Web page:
The Museum of You?
Jane began to think about the sleigh. Really, a sleigh like this should be in a museum.
It was then that the idea of the Moffats having a museum popped into her head. A museum in the barn! A special museum! A collection of things that had been important to one, some, or all of the Moffats. THE MOFFAT MUSEUM!
In this town named Cranbury, where three thousand people lived…it said so on a sign at the Cumberland Avenue Bridge: “Entering Cranbury, population 3,000” … there was not one museum! There were schools, stores, houses, the library, the Town Hall, a green with two churches on it; and there were little brooks, large fields, some cows, and plenty of places to go to, take walks to or take a trolley car to: Savin Rock, Lighthouse Point, and more. But no museum of any sort… art, science, or anything! “There are museums,” Joey had told her, “for every known thing somewhere in the world.”….
“Ah!” murmured Jane, standing up now and going close to the barn. She addressed it. “Barn! You may soon become the first and only museum in Cranbury. No museum here? We’ll change that! ‘First’ things or any treasured things of any Moffat!”
This exuberant brainstorm comes from Jane Moffat in The Moffat Museum by children’s author Eleanor Estes. It has me wondering what things my children would choose to put in a family museum. If we still observed elaborate mourning rituals, the youngest would probably create something related to the loss of his beloved plush squirrel, acquired when he was only two years old on an expedition to Central Park so I could do research for my first grad school paper. Would the eldest submit his dragon collection, or maybe the bike gloves he wore on a life-changing trip peddling with his grandfather from D.C. to Pittsburgh?
Why do we impart such meaning to objects? How do museums get visitors to make the same connections — or create their own emotional response? Objects become touchstones to our past, but as we lose touch with the story we disconnect from the artifacts. They lose meaning.
Howard Mansfield studies this intriguing alchemy of object/meaning/memory/emotion in his book In the Memory House. In the first part, he describes his investigation of town histories and little one-room town museums. These places are the respositories of singular and community memory. A hall of hodge-podge revealing — what?
Brownington, Vermont, is home to the Old Stone House Museum and a grand total of 708 people at the time Mansfield was making his rounds.
The Orleans County Historical Society runs the Old Stone House Museum. This is a populist museum in a way that would set any curator’s teeth on edge. For sixty years people have been donating what they thought should be there. Sometimes these treasured objects were on their way to the dump when their owner hesitated, thought, “Oh what the heck, I’ve got a few minutes before the ball game,” and left it to the ages instead. Sometimes a rare eighteenth-century baby cradle is donated and sometimes a bottle filled with barley grain. That bottle is easily overshadowed by the other 4,999 objects in the collection, but it well explains the whole museum.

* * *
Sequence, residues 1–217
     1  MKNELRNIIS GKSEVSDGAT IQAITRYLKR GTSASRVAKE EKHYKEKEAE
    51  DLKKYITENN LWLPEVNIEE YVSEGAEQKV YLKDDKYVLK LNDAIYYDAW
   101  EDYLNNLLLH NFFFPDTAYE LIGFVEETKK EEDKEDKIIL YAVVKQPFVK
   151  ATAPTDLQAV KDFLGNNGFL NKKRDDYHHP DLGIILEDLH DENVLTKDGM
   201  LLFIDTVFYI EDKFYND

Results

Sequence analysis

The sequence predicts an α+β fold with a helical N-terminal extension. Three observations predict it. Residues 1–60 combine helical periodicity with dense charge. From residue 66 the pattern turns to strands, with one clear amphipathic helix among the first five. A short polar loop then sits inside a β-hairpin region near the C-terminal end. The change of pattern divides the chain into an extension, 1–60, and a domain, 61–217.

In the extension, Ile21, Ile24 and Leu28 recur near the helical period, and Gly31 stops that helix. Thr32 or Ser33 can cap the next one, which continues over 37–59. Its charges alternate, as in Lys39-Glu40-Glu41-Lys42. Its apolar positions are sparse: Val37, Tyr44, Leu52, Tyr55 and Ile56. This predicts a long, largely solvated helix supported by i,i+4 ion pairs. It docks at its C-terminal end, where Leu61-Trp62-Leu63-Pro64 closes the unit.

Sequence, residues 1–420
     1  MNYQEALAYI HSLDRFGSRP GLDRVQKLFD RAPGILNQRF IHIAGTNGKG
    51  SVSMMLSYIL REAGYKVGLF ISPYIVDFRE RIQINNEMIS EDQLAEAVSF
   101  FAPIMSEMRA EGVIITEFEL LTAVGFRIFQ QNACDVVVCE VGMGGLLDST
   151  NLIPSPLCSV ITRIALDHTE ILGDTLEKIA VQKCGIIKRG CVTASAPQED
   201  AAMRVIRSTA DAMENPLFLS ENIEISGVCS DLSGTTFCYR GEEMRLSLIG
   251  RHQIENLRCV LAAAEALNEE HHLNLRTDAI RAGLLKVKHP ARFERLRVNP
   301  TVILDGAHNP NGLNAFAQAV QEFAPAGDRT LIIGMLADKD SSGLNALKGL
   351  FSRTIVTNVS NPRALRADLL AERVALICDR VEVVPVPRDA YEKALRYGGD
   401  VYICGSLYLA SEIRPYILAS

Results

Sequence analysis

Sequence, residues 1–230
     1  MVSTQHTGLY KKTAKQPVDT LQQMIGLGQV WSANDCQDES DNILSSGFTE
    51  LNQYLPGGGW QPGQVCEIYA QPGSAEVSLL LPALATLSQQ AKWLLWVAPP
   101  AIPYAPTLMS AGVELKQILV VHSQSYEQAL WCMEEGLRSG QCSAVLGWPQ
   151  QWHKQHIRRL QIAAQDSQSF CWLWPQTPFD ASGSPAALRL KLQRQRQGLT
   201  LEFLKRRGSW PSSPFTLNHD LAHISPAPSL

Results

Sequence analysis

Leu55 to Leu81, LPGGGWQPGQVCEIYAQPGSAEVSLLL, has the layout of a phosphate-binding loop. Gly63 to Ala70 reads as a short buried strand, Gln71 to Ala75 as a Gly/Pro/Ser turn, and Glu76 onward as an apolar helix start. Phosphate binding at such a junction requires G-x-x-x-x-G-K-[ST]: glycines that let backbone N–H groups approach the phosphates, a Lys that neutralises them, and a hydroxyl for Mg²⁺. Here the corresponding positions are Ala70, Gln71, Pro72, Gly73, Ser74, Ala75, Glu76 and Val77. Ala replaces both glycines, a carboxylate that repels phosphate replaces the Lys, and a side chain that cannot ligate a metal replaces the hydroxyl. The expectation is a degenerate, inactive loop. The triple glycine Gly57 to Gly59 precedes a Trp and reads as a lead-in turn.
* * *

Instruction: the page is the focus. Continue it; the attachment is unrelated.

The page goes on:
“This barley was grown in 1883 and given by Mrs. Selden Gray.” Why this? Why leave a bottle of grain in the perpetual care of neighbors and their descendants? Who would want to see it? It’s not even a rock collection, not a stuffed owl or a wedding dress or a three-shelf history of the light bulb.
Here’s my guess: To Mrs. Selden Gray it was the story of 1883 in a bottle: sowing the seed, the rainy spring, the dry summer (or the dry spring and the rainy summer), the blight that threatened, the sickness and health that came along that summer, the day they put aside their work to see the traveling carnival, the harvest, the harvest supper, the meals made from the barley, the animals fed, the barley bartered or sold to neighbors. A harvest corked for one hundred years, a low-tech time capsule. This was life, she was saying.
At least, that is what I presume. Maybe it was just some barley she had around the house. You can read too much into these things. The historical record is distorted by the nasty fact that surviving artifacts are unrepresentative. The Wedding Dress Problem, preservationists sometimes call it. Historical societies and house museums have many wedding dresses, but who saved the workday clothes? Few survive. The same with the houses saved; there are many mansions but few workingman’s cottages. — Howard Mansfield, In the Memory House
With all that we own in these days, in this consumer age, what objects will we impart with significance and reverence? Mansfield notes the significance “of what is saved and what discarded, who is remembered and why” — what memories will we “shepherd toward the next generation”?
What would you select to put in the museum?